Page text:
Storyboards in eLearning
If or when to storyboard
At the beginning of an eLearning project, the storyboarding process can often be overlooked or bypassed completely, especially if other documentation already exists. User guides, PowerPoint decks and training manuals may be considered as substitutes for a storyboard.
We might also think “I can’t draw, so there is no point in story-boarding” or “I may as well spend the time it would take me to storyboard, starting the actual development”.
The whole concept of a storyboard is open to interpretation. One person’s idea of a storyboard might be quite different to another’s. I’ve worked with storyboards that have literally just been text in a document, with each slide and subsequent interactions of that slide, being described using words only. Certainly a different interpretation from the original definition of a storyboard – a graphic blueprint in the form of illustrations or images displayed in sequence.
A perfect storyboard
My idea of the perfect storyboard is one that contains a visual representation of what is happening on the screen with references to interactions and navigation.
In this day and age, where we are trying to move away from having too much on the screen at any one time, sketching the visual components of the slides for a storyboard should be a little easier, as there will be less content. The downside is that you may end up with lots of individual references to the slides, either on separate pieces of paper or if this is being done electronically, with large files.
My hesitation in storyboarding on the computer is that it is difficult to ‘stand back’ and see the overall picture, especially if the project requires lots of branching and intricate navigation.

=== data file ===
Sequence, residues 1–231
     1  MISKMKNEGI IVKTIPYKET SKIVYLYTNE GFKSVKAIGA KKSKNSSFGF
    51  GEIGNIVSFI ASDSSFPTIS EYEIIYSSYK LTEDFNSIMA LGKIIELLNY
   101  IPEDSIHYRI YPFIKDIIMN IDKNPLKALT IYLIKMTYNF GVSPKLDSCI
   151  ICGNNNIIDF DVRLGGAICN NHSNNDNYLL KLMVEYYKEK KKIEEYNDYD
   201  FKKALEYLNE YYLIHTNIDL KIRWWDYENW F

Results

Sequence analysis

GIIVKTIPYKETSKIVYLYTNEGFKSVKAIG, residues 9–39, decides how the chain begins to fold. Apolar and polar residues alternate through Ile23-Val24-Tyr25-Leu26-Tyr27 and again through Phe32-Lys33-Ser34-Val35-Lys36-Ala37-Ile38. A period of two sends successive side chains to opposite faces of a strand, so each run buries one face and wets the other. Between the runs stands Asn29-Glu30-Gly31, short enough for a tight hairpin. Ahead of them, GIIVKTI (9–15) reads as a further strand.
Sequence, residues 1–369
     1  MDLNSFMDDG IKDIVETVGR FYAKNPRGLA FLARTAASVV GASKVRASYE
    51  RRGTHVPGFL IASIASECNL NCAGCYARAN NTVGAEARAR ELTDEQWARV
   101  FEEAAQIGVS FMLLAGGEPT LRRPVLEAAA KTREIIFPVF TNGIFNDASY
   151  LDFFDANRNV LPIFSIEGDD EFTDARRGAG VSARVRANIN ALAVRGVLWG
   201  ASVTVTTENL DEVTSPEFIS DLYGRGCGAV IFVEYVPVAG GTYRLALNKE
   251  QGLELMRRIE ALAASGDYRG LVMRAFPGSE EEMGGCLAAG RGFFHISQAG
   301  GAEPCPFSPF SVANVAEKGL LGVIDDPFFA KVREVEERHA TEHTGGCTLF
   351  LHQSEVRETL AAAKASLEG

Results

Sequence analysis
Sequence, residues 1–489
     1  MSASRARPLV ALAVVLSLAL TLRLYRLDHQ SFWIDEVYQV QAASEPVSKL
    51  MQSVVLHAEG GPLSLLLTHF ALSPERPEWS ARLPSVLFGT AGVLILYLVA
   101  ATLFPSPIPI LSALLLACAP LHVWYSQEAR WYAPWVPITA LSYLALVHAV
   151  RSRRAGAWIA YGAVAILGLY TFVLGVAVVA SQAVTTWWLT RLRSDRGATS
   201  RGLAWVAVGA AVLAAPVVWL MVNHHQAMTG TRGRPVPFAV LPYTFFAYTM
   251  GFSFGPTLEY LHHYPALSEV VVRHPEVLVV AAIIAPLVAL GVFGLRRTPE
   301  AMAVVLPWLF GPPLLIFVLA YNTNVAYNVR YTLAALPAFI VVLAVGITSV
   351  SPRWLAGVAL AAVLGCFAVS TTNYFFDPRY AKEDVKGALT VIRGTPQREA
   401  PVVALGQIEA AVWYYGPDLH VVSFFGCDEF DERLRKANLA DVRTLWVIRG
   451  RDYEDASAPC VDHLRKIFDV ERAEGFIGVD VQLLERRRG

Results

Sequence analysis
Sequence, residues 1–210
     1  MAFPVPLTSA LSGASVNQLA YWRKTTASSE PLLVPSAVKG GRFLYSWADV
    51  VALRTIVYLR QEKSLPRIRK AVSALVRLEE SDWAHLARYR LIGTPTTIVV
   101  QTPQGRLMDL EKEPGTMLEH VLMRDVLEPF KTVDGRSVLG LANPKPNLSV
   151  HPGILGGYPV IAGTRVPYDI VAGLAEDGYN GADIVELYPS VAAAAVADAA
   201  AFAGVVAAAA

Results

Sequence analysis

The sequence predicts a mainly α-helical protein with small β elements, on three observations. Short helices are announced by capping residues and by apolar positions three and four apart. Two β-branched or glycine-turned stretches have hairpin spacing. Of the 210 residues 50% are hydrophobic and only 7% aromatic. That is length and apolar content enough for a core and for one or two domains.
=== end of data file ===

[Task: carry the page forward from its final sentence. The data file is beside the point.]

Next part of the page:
We recently worked with a client where we started the project with a blank canvas. There was an impulse from the client to create a traditional “click next”, PowerPoint-style experience.
Resisting the urge to be impulsive, we put our computers to the side, grabbed some A4 paper and pencils, and started to draw. I might like to add that we are by no means artists, as can be seen by the photos included here!
We drew (to the best of our ability) the visual aspect of what we wanted to happen on each slide. We also included a slide number and any reference to navigation.
Once we had the slides sketched out, we lay them out on a large table to get a helicopter view of the module and how it would work, end to end.
Storyboarding might seem like extra work, however, it can greatly improve the design and user experience design aspect of the overall development. It can help organise content, allowing for rearrangement if necessary, and allows the plan to come to life (visually) before development has begun. Clients can get a real sense of what the module will look like.
In this case, the creation of the sketched out storyboards helped to assist the relevant stakeholders in making informed decisions on the approval process.
Storyboards for branching
We have also used post-it-notes to help with a very intricate choose-your-own-adventure type project.
With this project, the actual navigational experience was more important as it was predominantly a text project, with each slide having a background image determined by other factors. In this example, we were able to include enough information on each post-it-note to help with the development.
Laying the post-it notes out in sequence, meant we could see how the user would move through the experience and what choices would result in what outcomes.
I’m all for storyboarding because it means we can effectively plan, visualise, make changes etc before actually beginning the project. Ask yourself this – would you build a house without drawing up a plan?
These are just two examples of different approaches to storyboarding that we have used in some of our projects. This is not to say that these approaches, and many others, could all be used for just one project.
Our final piece of advice; a large wall or table to help lay it out!
We’d love to hear your stories of storyboarding!